ERIC Number: ED239174
Record Type: RIE
Publication Date: 1983-Aug
Reference Count: 0
Methods of Studying Persons.
Heinemann, Allen W.; Shontz, Franklin C.
Conventional research strategies typically emphasize behavior-determining tendencies so strongly that the person as a whole is ignored. Research strategies for studying whole persons focus on symbolic structures, formulate specific questions in advance, study persons one at a time, use individualized measures, and regard participants as expert consultants. Two such techniques, Q-technique and the role repertory test, were used in a study of two college students with spinal cord injuries. Specific questions focused on a stage model of adjustment, the necessity of mourning loss prior to disability acceptance, and the manner in which values theorized to define disability acceptance change across time. A variation of the Critical Incident Technique was used to obtain descriptions of course-of-life landmarks. Both subjects used a 48-item Q sort to describe typical and ideal selves at each landmark episode; the role repertory technique was used to determine significant persons and the constructs defined by their roles. Factor analysis of the Q sortings showed distinctly different ways of adjusting to a major life disruption. The results enhance the sophistication of the stage model of adaptation as applied to individuals, and build on existing methods to enhance the systematic understanding of individuals. (JAC)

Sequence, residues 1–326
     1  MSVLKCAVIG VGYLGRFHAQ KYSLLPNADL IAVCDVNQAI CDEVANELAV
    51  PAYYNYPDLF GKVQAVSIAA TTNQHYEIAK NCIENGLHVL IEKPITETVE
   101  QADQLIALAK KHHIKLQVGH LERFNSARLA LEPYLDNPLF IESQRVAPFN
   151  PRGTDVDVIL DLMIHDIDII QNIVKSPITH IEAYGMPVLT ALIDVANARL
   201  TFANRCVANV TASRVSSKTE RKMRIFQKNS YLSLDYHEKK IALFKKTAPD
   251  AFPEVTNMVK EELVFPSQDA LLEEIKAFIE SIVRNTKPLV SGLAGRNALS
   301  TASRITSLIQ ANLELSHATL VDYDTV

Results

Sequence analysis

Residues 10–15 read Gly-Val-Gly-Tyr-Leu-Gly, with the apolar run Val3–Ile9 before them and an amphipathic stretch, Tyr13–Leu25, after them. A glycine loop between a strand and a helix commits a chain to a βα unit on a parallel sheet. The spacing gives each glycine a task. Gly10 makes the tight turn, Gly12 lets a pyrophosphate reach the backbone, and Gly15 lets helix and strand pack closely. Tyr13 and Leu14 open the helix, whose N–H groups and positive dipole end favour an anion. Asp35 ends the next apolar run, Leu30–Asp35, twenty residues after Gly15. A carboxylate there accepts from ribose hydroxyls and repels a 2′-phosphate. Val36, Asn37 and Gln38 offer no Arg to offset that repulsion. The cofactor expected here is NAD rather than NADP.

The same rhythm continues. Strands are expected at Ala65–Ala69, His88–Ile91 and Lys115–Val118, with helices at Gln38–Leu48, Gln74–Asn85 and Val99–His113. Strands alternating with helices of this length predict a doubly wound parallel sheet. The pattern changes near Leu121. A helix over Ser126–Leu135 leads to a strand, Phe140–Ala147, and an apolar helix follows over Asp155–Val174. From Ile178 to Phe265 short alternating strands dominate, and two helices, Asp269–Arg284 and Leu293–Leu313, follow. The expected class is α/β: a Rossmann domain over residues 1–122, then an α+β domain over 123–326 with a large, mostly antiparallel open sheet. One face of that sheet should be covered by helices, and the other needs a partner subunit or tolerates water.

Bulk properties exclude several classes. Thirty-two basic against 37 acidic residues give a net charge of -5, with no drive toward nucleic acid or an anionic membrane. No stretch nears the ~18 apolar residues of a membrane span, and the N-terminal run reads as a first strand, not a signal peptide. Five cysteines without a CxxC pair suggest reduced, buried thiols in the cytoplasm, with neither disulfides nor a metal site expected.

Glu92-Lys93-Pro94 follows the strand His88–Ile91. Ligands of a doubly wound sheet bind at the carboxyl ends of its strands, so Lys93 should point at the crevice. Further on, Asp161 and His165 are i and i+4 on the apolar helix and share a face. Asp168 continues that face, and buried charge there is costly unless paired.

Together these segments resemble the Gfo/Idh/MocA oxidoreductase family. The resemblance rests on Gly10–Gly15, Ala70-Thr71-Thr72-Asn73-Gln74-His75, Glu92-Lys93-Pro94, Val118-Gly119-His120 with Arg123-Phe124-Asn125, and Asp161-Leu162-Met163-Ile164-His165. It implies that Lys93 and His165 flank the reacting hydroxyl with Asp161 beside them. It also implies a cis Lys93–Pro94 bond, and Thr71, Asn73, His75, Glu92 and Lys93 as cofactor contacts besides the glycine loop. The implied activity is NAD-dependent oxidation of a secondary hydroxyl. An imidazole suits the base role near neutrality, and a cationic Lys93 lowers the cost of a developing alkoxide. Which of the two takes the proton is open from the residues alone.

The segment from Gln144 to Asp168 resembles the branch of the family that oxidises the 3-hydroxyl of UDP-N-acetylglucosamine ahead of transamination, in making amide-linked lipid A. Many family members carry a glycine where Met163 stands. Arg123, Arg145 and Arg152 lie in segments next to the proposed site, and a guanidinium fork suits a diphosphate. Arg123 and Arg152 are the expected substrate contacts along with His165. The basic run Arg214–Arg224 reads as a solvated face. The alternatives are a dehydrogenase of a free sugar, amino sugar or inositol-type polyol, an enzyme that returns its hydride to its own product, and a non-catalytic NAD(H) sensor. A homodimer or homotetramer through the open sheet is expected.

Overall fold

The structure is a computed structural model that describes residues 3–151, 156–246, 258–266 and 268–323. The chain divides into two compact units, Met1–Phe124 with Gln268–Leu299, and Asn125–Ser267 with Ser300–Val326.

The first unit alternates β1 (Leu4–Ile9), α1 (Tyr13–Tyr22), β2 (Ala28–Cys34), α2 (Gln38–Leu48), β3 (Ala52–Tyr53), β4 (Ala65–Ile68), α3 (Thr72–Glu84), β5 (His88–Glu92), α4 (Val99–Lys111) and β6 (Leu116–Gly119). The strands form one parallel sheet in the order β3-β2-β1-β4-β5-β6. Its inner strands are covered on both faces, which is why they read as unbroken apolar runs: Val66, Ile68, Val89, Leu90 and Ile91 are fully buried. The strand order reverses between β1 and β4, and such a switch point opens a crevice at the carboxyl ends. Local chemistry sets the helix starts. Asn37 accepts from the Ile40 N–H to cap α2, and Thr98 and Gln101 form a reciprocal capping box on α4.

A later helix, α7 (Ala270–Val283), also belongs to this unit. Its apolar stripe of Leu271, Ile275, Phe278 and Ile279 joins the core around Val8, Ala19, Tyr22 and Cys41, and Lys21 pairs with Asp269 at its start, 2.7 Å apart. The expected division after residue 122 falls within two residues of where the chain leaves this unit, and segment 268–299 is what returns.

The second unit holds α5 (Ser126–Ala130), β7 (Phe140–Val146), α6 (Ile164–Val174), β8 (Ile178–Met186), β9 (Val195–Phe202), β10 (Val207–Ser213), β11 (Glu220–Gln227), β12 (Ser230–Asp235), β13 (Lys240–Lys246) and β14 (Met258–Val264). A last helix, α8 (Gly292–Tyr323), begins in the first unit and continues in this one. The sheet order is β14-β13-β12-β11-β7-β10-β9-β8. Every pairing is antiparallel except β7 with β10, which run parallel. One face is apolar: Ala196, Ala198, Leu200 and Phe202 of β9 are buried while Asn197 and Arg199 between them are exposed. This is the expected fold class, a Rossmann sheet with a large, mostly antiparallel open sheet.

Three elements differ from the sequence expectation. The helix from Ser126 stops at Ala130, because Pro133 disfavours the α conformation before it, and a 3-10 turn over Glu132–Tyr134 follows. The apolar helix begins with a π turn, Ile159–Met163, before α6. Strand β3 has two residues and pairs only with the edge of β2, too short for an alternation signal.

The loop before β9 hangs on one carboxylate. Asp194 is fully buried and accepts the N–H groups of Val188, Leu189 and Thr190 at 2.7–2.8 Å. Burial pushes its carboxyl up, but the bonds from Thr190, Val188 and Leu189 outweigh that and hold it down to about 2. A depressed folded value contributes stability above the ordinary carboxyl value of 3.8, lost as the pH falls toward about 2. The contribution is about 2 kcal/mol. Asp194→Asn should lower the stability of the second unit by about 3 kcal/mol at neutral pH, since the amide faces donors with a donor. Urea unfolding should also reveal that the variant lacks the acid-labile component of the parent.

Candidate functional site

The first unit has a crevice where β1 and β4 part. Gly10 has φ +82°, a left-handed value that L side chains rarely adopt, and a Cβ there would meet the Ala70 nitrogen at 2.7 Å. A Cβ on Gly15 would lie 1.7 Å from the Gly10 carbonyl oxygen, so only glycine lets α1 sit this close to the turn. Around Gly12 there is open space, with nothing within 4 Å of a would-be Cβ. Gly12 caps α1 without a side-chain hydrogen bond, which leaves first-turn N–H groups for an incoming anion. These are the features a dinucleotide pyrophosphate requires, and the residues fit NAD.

Publication Type: Reports - Research; Speeches/Meeting Papers
Education Level: N/A
Authoring Institution: N/A
Identifiers: Role Repertory Technique; Spinal Cord Injuries
Note: Paper presented at the Annual Convention of the American Psychological Association (91st, Anaheim, CA, August 26-30, 1983). Best copy available.